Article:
The Vail-inspired ski brand designs technical apparel built for carving with class.
Writer: Carly Terwilliger
When it comes to ski apparel, technical details and functionality are key. After all, it’s a sport that all but guarantees you’ll end your day cold, wet and miserable without the right gear.
But luxury ski apparel brands like Colorado-based Skea hold the opinion that being a well-protected badass on the slopes doesn’t mean you have to give up flair, fringe and sequins at the lodge for that post-shred cocktail.
Skea – the name is a portmanteau of “ski” and “sea” – was founded in 1972 in Vail, CO by current owner Diane Boyer’s parents, Georges and Jocelyn Boyer, who grew up skiing in France and Canada. Diane took over the family business in 1995.
“Vail is a big inspiration for us,” said Skea VP of Sales Betsy Wood, citing Boyer’s place of residence. Among other things, Skea’s designs draw from the ski town’s international feel, picking up on influence from travelers from locations such as South America and Mexico.
Although Skea focuses on being fashionable and on-trend, its skiing roots are never far away. The clothing is first and foremost for “that athletic, technical skier,” said Woods. “We design for women who are going to wear our stuff on blue sky days and in storm conditions, and then be able to take it après-ski.” For the brand’s consumers, each piece is expected to do it all.
In response to that challenge, Skea has developed a collection over the last few years that fills in the gaps between parkas and sweaters with lightweight mid-layers. Like their outerwear cousins, the mid-layers don’t skimp on eye-catching details like fringe and Swarovski sequins. “Our target market is that woman who not only skis but demands that fashionable athleisure look,” said Wood.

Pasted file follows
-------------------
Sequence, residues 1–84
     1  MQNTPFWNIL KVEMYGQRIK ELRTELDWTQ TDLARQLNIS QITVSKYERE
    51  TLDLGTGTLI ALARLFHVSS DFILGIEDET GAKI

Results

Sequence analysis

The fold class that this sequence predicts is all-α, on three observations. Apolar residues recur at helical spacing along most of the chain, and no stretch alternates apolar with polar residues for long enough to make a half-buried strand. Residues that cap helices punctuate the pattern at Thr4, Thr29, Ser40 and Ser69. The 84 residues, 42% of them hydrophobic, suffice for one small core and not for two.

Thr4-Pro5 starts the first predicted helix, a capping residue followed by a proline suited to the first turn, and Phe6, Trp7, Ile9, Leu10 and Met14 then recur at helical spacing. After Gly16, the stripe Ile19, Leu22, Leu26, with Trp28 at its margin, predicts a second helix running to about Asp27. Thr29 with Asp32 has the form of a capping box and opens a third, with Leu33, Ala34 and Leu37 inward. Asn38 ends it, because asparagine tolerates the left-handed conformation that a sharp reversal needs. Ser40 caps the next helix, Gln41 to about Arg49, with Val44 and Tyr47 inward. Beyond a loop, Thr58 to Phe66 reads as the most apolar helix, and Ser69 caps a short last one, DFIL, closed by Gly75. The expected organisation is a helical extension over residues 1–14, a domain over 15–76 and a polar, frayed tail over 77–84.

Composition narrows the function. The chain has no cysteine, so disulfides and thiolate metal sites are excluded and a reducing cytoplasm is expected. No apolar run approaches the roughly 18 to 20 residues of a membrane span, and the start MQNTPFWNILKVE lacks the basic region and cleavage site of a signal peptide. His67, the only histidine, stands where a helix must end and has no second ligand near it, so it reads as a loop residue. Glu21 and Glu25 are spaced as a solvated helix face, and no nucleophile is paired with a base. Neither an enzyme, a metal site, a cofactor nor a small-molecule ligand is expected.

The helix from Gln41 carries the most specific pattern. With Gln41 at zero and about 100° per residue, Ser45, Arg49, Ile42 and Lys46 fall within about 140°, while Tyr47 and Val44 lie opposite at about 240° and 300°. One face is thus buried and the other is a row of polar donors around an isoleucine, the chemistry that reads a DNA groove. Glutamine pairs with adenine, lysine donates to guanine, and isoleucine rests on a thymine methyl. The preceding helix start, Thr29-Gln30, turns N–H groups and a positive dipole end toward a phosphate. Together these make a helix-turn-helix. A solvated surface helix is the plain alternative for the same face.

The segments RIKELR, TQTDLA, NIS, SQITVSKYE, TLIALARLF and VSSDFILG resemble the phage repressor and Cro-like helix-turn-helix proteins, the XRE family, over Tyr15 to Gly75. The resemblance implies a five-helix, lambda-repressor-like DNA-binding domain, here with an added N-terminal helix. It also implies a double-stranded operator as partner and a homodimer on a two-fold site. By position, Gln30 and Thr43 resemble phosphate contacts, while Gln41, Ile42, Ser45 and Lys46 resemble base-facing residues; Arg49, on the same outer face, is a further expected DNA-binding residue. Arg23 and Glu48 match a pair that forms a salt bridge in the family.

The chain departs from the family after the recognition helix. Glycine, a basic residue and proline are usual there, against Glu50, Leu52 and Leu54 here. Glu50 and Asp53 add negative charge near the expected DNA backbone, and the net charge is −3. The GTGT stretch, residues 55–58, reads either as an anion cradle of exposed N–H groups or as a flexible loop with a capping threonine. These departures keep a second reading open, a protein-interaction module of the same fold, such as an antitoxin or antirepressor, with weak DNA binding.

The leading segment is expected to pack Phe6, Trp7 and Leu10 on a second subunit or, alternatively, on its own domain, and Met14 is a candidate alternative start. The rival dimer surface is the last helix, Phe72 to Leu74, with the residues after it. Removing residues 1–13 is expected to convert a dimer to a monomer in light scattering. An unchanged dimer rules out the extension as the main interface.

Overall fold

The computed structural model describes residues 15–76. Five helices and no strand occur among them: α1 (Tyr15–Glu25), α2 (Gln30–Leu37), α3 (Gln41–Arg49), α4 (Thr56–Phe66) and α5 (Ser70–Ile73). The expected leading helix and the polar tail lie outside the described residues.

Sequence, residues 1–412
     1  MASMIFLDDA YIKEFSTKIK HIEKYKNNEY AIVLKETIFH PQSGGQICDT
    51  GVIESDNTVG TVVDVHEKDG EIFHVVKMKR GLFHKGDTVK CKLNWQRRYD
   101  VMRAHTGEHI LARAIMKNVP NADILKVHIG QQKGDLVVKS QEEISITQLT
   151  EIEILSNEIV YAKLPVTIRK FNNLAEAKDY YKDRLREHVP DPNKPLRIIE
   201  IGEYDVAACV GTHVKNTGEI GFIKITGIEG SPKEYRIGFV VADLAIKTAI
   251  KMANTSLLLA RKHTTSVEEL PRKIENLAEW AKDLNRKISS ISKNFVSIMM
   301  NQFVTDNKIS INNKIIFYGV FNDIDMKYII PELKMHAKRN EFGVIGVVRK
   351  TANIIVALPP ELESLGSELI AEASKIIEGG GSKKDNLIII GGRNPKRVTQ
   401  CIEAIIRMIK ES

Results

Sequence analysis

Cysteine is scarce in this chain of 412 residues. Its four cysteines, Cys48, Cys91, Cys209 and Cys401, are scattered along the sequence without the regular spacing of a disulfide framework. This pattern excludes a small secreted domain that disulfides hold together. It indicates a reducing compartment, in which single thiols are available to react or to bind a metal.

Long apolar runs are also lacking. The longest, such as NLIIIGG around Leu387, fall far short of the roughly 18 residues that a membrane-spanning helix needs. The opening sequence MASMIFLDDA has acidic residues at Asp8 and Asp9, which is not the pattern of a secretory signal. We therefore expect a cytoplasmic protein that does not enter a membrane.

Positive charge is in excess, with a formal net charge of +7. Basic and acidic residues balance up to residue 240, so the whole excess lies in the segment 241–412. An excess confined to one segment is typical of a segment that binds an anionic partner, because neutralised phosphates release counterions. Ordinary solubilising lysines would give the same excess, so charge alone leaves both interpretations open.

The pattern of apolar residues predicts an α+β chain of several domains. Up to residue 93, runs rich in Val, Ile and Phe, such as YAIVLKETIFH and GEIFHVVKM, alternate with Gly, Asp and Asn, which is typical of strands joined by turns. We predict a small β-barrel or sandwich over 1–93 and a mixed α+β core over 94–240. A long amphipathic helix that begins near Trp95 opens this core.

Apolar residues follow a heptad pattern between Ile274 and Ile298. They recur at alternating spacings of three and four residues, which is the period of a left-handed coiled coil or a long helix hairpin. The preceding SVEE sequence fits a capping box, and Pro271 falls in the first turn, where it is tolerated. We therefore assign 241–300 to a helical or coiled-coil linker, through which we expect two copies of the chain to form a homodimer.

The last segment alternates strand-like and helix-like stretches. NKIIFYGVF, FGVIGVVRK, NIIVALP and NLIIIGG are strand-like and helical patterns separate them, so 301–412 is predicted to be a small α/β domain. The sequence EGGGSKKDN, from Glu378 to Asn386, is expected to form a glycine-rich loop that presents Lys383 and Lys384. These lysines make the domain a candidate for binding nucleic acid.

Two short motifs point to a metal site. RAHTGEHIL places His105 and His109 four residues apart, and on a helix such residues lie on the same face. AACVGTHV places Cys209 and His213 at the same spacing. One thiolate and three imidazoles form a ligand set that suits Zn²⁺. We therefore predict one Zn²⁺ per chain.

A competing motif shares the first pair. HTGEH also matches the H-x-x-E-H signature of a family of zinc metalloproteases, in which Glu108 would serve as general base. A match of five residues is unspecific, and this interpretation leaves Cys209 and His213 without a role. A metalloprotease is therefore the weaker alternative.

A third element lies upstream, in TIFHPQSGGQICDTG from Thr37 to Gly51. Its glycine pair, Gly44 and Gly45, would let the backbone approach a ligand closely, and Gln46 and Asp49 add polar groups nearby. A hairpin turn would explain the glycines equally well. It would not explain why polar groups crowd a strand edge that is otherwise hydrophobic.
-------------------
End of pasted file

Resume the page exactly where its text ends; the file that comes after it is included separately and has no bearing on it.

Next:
One goal for the brand has been lowering its target age range. “We’ve been trying to lower our demographic, getting our story out to younger women below the age of 35,” Wood explained. To reach that trendy group that has style – but not necessarily cash – to spare, “We’re trying to pull from ambassadors, professional athletes, younger women in the office.”
Social media is essential to reaching a younger audience, said Wood, because “Influencers that are in that age range are huge on social media channels. Women who are in their 30s and 40s see an influencer wearing your clothes and thinks, ‘Wow, she looks great.’” That initial excitement is the first step toward getting her to check out the brand
Other ways to stir up buzz, according to Wood, are trunk sales at boutique retailers and pop-up shops. The goal is to give potential consumers “a fun night out, drink some wine, do some shopping” and get to know Skea. On the other side of the engagement coin is the necessity of Skea getting to know them
“We send out multiple surveys as far as design,” said Wood, “and ask our ambassadors to by constantly reaching out in their communities, finding out what women are looking for.” These efforts to get the company name out have led to an online sales boost, and Skea is leveraging that momentum to broaden not just its demographic reach but also its offerings. “We’re growing our city collection – lightweight, easy-to-travel type garments,” Wood continued. “It’s for the woman who only wants to take one jacket on a trip, or a second jacket that’s super-light and easy to pack.”
The diversification across styles and price points is a move designed to remind the female skiing population that impossibly stylish society ladies and James Bond femme fatales aren’t the only ones who appreciate an après-ski drink while swathed in a luxury sweater. And in Skea’s home state of Colorado, swapping in a craft beer for a martini doesn’t mean the flannel shirt has to come with it.
Photos courtesy Skea